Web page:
- Kaumudi Marathe, Kaumudi Marathe is a senior editor on the America's Test Kitchen book team.
That being said, whether you're a salad-serving novice or you have a PhD in how to serve perfectly-cut kale, there are some guaranteed tips you haven't tried in America's Test Kitchen's The Complete Salad Cookbook ($24). You may think a salad cookbook is an oxymoron, but one peek at the vibrant meals inside will change your mind—and show you that underestimating the potential of this dish is a tragic loss. The recipes included prove that salad is so much more than just a side of lettuce and croutons; rather, it's a wholesome, hearty dish that deserves center stage. A few standouts include Summer Ramen Salad, Turmeric Rice and Chicken Salad With Herbs, Cape Gooseberry Salad with Ginger-Lime Dressing, and Zucchini Noodle-Chicken Salad with Ginger and Garam Masala.
In addition to the 200-plus recipes, the book is also full of pro salad-tossing tips so smart they're worth putting into practice even when you aren't following a recipe from the book. Here, Kaumudi Marathe, the senior editor on the America's Test Kitchen book team, shares three tricks in particular you have to try at home. Keep reading and get ready to give you salad game a major upgrade.
3 salad-making tips that will upgrade your favorite healthy meal:
1. Toast or bloom spices for extra flavor
Spices, seasonings, and herbs are readily integrated into virtually everything we cook, but for some reason they're often neglected when it comes to preparing salads. No longer! Once you start spicing up your greens, you'll never look back.
To really enhance the flavor, try toasting or blooming them. To toast spices, transfer two tablespoons (or less) of the whole spice into a dry skillet. Warm them for one to three minutes, until they're warm and fragrant. To bloom spices, heat oil in a small saucepan over medium-high heat. Then, carefully add in the whole spices and reduce the heat to low. The seeds should start popping right away. Cook for about five minutes.
"For blooming whole spices, use an oil with a high smoke point, such as canola or grapeseed oil," Marathe says. She adds that whole spices like mustard seed, cumin seed, fenugreek seed, and nigella seed, as well as cinnamon sticks, green and black cardamom pods, and cloves are all great ones to try. "Powdered spices would burn in hot oil so they are only added later in the cooking process," she explains. "However, there are some powders that are bloomed in hot oil while making a seasoning. These are asafetida, turmeric, and red chili." Marathe says it's key to add them after the whole spices have popped and the heat is reduced. "The other flavorings that are bloomed in hot oil are fresh curry leaves, dried bay leaves, and fresh or dried whole chiles," she says.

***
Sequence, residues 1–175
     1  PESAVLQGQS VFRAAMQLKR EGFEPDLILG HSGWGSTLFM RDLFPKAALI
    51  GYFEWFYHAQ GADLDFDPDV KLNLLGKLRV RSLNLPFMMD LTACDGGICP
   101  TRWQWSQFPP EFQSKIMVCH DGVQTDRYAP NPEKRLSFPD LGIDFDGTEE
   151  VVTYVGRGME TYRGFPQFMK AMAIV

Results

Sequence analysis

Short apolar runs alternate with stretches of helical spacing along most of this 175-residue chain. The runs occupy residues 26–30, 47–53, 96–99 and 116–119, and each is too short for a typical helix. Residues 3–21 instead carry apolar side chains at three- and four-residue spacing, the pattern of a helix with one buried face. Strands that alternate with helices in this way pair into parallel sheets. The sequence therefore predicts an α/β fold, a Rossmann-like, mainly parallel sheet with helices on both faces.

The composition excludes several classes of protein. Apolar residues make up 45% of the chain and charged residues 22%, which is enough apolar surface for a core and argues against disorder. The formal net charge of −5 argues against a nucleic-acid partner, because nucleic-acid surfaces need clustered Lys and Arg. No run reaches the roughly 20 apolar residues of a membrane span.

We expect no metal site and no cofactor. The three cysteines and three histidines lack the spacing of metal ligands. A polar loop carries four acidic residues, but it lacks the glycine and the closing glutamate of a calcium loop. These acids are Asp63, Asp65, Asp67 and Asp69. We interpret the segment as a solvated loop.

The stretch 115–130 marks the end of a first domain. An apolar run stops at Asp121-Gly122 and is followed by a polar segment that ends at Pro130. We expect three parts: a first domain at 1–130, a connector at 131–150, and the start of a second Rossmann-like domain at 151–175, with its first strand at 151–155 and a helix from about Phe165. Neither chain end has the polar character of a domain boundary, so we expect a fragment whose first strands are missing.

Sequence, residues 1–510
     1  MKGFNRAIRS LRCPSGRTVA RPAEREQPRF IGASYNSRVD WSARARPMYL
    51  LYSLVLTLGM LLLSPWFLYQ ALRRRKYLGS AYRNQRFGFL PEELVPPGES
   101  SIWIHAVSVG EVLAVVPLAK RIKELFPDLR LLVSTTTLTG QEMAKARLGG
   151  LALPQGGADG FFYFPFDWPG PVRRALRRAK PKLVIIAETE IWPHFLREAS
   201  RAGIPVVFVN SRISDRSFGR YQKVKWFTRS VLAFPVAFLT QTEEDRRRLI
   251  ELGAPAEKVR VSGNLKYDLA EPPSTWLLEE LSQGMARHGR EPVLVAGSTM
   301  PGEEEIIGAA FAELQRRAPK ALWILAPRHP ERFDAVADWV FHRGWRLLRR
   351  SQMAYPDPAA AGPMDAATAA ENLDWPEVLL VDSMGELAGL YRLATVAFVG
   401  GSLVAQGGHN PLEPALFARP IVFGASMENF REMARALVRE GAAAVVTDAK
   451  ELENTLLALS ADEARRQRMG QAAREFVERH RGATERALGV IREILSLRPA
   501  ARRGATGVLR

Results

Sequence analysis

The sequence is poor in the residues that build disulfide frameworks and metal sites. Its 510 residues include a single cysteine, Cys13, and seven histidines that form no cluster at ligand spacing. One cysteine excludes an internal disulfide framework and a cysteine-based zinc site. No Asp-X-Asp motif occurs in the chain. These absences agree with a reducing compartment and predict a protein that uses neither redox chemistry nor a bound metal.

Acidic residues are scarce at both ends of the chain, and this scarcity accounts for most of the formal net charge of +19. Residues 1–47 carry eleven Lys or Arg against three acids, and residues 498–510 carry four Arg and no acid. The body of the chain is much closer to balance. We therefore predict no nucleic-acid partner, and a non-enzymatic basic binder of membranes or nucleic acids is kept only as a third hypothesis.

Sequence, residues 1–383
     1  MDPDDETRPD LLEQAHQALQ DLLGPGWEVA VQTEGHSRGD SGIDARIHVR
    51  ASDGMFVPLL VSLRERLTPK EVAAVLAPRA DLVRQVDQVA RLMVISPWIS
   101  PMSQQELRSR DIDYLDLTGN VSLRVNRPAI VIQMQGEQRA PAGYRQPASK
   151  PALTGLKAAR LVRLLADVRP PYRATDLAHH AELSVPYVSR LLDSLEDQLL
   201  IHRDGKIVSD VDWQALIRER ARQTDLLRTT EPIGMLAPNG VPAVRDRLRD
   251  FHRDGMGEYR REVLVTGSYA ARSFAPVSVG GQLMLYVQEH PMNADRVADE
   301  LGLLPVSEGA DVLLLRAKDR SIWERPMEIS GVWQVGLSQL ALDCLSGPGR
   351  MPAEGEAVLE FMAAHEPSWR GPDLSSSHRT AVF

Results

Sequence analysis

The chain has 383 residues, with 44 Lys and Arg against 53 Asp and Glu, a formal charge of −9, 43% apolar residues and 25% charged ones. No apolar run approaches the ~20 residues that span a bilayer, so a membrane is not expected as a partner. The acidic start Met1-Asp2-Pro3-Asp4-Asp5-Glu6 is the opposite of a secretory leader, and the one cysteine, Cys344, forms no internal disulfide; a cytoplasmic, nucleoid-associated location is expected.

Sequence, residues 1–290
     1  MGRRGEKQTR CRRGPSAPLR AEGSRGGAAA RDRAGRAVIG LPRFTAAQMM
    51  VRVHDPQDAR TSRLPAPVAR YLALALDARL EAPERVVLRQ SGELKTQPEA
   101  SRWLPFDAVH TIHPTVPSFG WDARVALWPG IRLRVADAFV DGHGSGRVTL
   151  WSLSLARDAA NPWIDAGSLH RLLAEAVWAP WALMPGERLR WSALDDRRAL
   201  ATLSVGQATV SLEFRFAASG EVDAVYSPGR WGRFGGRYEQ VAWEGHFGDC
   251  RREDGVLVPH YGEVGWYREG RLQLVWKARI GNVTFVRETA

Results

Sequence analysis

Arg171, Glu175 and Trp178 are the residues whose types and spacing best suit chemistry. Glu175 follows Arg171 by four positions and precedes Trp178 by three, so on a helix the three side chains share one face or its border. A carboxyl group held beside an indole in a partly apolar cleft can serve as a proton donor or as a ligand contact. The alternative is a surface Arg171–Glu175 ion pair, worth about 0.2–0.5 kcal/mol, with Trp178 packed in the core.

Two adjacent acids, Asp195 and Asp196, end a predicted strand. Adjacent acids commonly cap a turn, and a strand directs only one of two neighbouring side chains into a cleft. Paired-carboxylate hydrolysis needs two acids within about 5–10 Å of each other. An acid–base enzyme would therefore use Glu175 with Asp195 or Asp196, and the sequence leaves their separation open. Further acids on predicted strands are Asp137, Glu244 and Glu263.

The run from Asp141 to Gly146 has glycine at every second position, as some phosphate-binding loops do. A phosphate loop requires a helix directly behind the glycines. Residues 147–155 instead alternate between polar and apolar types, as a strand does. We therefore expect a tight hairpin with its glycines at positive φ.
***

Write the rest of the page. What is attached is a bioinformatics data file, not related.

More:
Watch the video below to see how to make an anti-inflammatory salad:
2. Overcook your pasta when making pasta salad
Mind, blown. Whether you're using pasta as the core of your salad or it's just part of the mix, the salad cookbook offers up this unexpected tip: rather than serving al dente, overcook your noodles ever-so-slightly. This will ensure that the pasta absorbs more dressing and doesn't dry out as quickly—super important if you're meal-prepping and want to eat your pasta salad throughout the week.
If you're meal-prepping and are trying to decide whether to go ahead and add your dressing right away or to wait until right before you eat, Marathe says to go ahead and add it, which will ensure the flavor really seeps into the noodles. "To serve, [the pasta salad] can simply be brought to room temperature and refreshed with a little warm water and olive oil," she says. "However, add-ins such as shrimp or arugula should only be mixed into a dressed pasta salad just before serving."
3. Spread grains on a baking sheet to ensure they don't clump
Grains are a great ingredient to incorporate into salads for taste, texture, and fiber. The one problem? They're prone to getting pretty clumpy. To avoid this, Marathe says to make sure you're cooking your grains with plenty of water and using a big enough pot. "The easiest way to cut down on sticking is to boil grains in a generous amount of water—4 quarts per pound of dried grains—to dilute the starches," Marathe says. Once your grains are cooked and cooled, simply spread out the grains on a baking sheet after they cool (but prior to dressing) to help them dry out evenly. This handy trick will help you serve perfectly tender, clump-free grain bowls for all of eternity.
Playing around with spices, pasta, and grains are just three ways to elevate the salad experience. True fans know there's a never-ending list of delicious ways to experiment. So many, in fact, you could have a salad every day and still surprise yourself with the range of fresh options and opportunities to finesse. Sad desk salad? Nope, don't know her.
Get more salad ideas (and share yours!) in Well+Good's Cook With Us Facebook group.
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